Today, the sage and sandstone of Wyoming’s vast Red Desert show little evidence of the coal-mining town of Dana, which once stood about 150 miles west of Cheyenne. No photos of Dana have ever been found, but in 1890 it probably looked much like southwestern Wyoming’s other Union Pacific Coal Company towns: a few boardinghouses, a company-contracted general store and just enough basic amenities to keep the town functioning. The main feature likely would have been the tipple, where coal was processed. Though largely forgotten, Dana was once home to a significant population of Black miners, originally recruited by a well-known Washington state politician and community leader, James E. Shepperson.
In 1890, the UPCC hired Shepperson to recruit the first Black miners specifically enlisted to work in the company’s Wyoming mines. He was a Black man who had migrated from Virginia to Roslyn, Washington, where he led the charge to bring more Black citizens to town. Working for the Northern Pacific Railway, he brought roughly 300 miners to Roslyn, where they forged a strong community. Shepperson had made a name for himself as a successful recruiter of Black miners, and so the UPCC hired him to bring workers to Dana. In early February 1890, about 200 Black miners from the Ohio area, accompanied by their families, stepped off a train in Dana — completely unaware that the company wanted to use them as strikebreakers.
Recruiting laborers for the coal mines and fighting labor organizers were nothing new for the UPCC. As coal production grew in the late 1800s, company officials, like all good industrialists, focused on profits. They did this by hiring laborers from impoverished areas, primarily in Europe and Asia — people they could entice with tenuous promises of riches, land or at least opportunity.
These recruitment practices inadvertently created some of the most ethnically diverse communities in the region. In the early days, the company, which owned and assigned all worker housing, routinely integrated neighborhoods. The thinking went that if members of a specific ethnic group were not housed together, they would be less likely to form unions. There were exceptions to this company rule: Native Americans weren’t sought out at all, and company bosses saw Chinese, Japanese and Korean workers as simply too different from other groups to integrate. Though the fight for workers’ rights went on for decades, in the long run, the company’s tactics failed, as unions such as the Knights of Labor became ever more integrated and influential.
In a time of intense labor disputes, strikebreakers were met with scorn and sometimes violence, particularly when they were members of an already disparaged ethnic group. Moreover, according to newspaper accounts, the Black miners in Dana were union men themselves. Because of this, they refused to “usurp striking brothers,” the white miners they were brought in to replace. By this time, the whole affair was making headlines, and the company needed a cover story. So, whether through miscommunication, deliberate misrepresentation or outright company duplicity, Shepperson became an easy scapegoat.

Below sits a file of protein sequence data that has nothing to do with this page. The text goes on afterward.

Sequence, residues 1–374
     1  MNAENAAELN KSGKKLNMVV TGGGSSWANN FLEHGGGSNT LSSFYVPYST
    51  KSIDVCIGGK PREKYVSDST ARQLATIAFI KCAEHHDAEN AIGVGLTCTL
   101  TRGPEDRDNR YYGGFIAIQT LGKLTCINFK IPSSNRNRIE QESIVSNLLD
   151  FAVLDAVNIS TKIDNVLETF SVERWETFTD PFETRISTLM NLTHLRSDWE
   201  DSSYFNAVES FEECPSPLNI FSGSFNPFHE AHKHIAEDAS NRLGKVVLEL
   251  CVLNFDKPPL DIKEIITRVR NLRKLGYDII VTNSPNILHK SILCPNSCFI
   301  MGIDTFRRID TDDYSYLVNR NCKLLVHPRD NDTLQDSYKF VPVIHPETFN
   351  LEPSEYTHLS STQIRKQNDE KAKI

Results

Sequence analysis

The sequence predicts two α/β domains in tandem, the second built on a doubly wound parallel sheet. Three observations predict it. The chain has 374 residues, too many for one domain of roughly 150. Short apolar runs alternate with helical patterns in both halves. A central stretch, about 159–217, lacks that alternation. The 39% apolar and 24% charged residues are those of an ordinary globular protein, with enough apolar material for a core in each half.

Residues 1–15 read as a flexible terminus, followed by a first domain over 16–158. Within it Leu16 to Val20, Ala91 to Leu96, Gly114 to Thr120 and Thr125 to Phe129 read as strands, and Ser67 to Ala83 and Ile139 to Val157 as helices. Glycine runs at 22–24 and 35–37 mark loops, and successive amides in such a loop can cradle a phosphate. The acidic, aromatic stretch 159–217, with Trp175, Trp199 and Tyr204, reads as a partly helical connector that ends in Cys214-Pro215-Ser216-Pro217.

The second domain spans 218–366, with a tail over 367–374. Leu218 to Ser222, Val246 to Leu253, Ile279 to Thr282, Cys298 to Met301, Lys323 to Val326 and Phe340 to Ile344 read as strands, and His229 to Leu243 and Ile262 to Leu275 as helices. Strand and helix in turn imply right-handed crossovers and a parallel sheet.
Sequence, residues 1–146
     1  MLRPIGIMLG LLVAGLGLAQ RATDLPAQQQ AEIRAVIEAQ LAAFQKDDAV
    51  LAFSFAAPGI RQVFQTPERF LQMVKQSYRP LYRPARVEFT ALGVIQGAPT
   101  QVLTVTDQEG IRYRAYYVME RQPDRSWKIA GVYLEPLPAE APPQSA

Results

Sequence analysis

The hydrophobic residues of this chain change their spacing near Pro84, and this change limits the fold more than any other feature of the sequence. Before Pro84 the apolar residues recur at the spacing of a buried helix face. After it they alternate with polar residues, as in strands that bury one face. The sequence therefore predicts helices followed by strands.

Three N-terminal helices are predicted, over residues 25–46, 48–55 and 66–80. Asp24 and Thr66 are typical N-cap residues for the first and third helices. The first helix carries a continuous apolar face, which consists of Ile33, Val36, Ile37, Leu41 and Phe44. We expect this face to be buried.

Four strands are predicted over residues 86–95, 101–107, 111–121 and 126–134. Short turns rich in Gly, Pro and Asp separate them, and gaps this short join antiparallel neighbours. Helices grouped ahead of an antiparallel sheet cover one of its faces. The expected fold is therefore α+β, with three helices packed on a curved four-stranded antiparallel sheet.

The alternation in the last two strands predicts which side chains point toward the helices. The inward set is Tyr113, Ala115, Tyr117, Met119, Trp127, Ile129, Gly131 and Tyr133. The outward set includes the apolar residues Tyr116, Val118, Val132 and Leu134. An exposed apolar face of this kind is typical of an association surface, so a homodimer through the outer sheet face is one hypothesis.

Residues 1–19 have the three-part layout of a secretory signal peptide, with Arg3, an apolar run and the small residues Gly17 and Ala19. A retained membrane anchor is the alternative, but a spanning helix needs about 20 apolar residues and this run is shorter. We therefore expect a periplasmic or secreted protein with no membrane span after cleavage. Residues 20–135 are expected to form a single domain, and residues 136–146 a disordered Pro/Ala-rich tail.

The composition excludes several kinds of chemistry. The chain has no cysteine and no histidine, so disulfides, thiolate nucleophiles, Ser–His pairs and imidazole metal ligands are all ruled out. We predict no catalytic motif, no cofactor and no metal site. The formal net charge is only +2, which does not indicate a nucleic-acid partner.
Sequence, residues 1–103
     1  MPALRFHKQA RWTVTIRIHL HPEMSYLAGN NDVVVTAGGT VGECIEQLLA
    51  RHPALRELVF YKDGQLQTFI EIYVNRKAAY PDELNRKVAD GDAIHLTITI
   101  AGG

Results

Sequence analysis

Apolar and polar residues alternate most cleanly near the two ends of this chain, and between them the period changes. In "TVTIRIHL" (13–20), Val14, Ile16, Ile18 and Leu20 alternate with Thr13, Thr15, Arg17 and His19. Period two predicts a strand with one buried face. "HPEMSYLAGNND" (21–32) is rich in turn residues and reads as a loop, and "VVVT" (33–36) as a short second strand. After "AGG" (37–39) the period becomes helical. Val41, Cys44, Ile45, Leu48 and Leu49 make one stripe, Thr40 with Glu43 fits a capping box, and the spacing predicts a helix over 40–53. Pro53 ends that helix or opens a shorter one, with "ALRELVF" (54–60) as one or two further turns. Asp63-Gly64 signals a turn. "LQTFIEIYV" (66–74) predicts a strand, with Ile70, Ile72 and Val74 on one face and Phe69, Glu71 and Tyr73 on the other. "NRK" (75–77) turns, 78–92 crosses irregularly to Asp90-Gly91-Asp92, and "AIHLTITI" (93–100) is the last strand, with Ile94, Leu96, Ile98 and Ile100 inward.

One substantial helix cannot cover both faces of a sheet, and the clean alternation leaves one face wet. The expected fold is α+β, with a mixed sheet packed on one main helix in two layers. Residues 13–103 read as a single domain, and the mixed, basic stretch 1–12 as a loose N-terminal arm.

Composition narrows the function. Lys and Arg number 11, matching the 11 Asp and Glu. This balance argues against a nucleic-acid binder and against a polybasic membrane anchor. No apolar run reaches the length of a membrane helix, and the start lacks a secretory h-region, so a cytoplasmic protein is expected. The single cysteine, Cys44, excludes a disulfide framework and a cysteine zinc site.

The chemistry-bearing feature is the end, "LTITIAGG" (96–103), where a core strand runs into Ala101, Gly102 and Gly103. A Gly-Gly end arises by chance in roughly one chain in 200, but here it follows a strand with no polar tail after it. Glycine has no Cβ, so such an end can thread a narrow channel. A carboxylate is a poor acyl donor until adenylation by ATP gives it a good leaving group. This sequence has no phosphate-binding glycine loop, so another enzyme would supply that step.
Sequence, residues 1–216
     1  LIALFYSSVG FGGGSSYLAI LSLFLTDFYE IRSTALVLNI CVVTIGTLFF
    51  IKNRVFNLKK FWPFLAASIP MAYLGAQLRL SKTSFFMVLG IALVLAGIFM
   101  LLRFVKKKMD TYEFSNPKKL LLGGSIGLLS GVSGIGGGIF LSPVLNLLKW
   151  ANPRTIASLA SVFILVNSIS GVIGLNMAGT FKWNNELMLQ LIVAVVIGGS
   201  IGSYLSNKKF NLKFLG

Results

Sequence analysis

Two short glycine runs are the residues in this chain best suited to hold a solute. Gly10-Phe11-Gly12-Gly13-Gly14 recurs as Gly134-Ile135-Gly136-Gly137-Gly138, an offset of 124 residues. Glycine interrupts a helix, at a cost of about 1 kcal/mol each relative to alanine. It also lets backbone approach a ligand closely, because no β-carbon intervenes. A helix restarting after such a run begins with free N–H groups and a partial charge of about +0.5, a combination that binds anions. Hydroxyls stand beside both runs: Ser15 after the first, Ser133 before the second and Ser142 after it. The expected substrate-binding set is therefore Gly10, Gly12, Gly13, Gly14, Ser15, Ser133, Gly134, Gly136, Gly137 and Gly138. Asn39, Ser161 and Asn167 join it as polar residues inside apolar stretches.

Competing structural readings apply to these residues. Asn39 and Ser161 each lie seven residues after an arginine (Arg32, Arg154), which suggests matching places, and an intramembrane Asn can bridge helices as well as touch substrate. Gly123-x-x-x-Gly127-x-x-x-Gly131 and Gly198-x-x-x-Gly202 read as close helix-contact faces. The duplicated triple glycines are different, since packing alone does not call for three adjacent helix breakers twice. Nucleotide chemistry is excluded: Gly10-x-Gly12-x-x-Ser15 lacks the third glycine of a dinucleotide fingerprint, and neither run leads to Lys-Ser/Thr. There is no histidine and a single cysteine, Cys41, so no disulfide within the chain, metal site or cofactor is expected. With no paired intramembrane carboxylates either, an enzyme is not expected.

The role of Black residents in the story of these early coal towns has often been skewed or forgotten altogether.
Most of Shepperson’s recruits stayed on at the Dana mine after their insistence on a fair wage helped influence legislation regulating how coal was weighed — and thus how much miners were paid — effectively ending the strike. As for the town of Dana, it was one of only two Wyoming communities to ever have a majority Black population. But it was short-lived. In 1891, due to the inferior quality of its coal, the UPCC closed the mine, and many of Dana’s Black miners moved to nearby Wyoming coal towns. By the 1920s, places like Rock Springs and Hanna had thriving Black communities. When coal production decreased in the 1940s and 1950s, many of their descendants left for areas that offered more opportunity, such as Denver. As a result, the role of Black residents in the story of these early coal towns has often been skewed or forgotten altogether.
One night soon after he arrived, Shepperson found himself in a dark, freezing barn, hiding from his own recruits: Company officials had told the newspapers that Shepperson was solely to blame for misleading the Black miners about their status as strikebreakers. He was threatened, detained and questioned, but the details of that night are lost. Somehow, however, Shepperson escaped, and resumed his life in Washington, where he was known as an honest man who worked to strengthen the Black community in Roslyn. Among his many other accomplishments, he was a founder of the Black Masonic Lodge and president of the Washington State Colored Republican Club. He remained prominent in Roslyn until his death in 1934 and is now remembered as one of the most influential Black mining leaders during that time.
Whether Shepperson deliberately recruited the Dana miners as strikebreakers will probably never be known. He certainly realized that the men would already face challenges wherever they went in the U.S. due to the color of their skin. Companies that brought workers across oceans didn’t recruit experienced Black miners from just a few states away until the era of the fight for workers’ rights. But the West, despite these barriers, still offered Black miners a chance at prosperity — and people like Shepperson made it happen.
Brigida R. Blasi is a public historian and museum professional. She lives in Laramie, Wyoming.